Two price reports dominate the week’s economic reporting: Consumer prices on Thursday and producer prices (final demand) on Wednesday, each at 8:30 a.m. New York time.
Leading indicators (in descending order of importance):
The interest rate spread between 10-year Treasuries and the federal funds rate, reported continually during market hours.
The M2 money supply, at 4:30 p.m. Thursday.
The S&P 500 index, reported continually during market hours.
Average weekly initial claims for unemployment from the jobless claims report at 8:30 a.m. Thursday.
Index of consumer expectations from the University of Michigan consumer sentiment survey, at 10 a.m. Friday.
Events arranged by day:
Tuesday: Job openings and labor turnover survey at 10 a.m.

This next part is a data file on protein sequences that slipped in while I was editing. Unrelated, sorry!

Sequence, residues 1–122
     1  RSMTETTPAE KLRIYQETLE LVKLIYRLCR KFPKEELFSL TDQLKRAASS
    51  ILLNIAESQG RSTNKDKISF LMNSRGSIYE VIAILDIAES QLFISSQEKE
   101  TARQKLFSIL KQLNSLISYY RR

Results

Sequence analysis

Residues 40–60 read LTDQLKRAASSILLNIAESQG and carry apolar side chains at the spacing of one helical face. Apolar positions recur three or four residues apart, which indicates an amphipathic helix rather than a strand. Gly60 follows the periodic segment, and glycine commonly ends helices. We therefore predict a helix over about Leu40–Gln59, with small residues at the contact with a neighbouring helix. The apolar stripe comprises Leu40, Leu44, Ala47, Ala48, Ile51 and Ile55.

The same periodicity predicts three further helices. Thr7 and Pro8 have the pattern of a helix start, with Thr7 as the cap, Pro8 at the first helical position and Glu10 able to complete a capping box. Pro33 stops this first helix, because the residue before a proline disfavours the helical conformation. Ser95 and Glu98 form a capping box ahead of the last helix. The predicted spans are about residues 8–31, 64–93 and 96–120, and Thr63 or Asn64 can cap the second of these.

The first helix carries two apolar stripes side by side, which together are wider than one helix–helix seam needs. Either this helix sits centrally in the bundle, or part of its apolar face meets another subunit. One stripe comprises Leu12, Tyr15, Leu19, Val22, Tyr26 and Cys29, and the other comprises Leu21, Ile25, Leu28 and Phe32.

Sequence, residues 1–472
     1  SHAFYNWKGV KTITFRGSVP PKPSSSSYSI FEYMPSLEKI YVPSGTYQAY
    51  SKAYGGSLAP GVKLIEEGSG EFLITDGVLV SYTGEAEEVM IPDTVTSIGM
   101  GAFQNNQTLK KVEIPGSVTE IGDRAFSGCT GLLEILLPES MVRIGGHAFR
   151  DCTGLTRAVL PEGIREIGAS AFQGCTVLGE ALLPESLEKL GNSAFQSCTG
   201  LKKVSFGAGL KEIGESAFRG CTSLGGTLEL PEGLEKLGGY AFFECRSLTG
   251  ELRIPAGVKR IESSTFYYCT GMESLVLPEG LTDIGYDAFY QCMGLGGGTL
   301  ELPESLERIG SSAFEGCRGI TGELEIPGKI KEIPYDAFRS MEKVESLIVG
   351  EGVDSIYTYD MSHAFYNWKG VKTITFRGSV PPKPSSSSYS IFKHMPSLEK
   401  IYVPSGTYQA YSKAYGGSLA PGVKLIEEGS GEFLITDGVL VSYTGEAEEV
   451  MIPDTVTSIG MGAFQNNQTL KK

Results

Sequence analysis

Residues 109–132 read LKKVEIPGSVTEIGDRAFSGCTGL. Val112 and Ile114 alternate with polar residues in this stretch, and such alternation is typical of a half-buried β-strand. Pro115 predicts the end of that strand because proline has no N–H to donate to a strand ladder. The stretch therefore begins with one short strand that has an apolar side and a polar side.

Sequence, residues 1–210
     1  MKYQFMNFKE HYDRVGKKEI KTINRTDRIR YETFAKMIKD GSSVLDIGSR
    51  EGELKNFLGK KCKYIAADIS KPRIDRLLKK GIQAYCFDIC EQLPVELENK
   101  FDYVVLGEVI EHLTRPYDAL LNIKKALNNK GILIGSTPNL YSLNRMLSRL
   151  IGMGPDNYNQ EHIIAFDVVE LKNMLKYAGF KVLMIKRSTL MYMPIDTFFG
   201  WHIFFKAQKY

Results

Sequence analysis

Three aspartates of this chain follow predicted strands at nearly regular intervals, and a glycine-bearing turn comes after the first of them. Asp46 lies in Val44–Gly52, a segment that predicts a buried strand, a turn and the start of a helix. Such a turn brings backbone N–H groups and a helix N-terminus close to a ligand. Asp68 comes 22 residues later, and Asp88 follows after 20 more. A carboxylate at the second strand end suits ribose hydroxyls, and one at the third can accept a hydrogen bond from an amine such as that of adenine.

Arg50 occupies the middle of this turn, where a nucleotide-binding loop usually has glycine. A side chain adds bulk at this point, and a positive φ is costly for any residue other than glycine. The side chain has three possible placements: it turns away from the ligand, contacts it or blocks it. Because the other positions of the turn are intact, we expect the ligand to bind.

Wednesday: Producer prices (final demand) at 8:30 a.m. and petroleum inventories at 10:30 a.m.,
Thursday: Jobless claims and consumer prices, each at 8:30 a.m., the Treasury budget at 2 p.m. and the M2 money supply at 4:30 p.m.
Friday: Import and export prices at 8:30 a.m. and the University of Michigan consumer sentiment survey at 10 a.m.
I also keep an eye on the Baltic Dry Index, updated daily, and the 10-year implied inflation rate based on U.S. Treasury yields.
By Tim Bovee, Portland, Oregon, July 7, 2018
Tim Bovee, Private Trader tracks the analysis and trades of a private trader for his own accounts. Nothing in this blog constitutes a recommendation to buy or sell stocks, options or any other financial instrument. The only purpose of this blog is to provide education and entertainment.
No trader is ever 100 percent successful in his or her trades. Trading in the stock and option markets is risky and uncertain. Each trader must make trading decisions for his or her own account, and take responsibility for the consequences.
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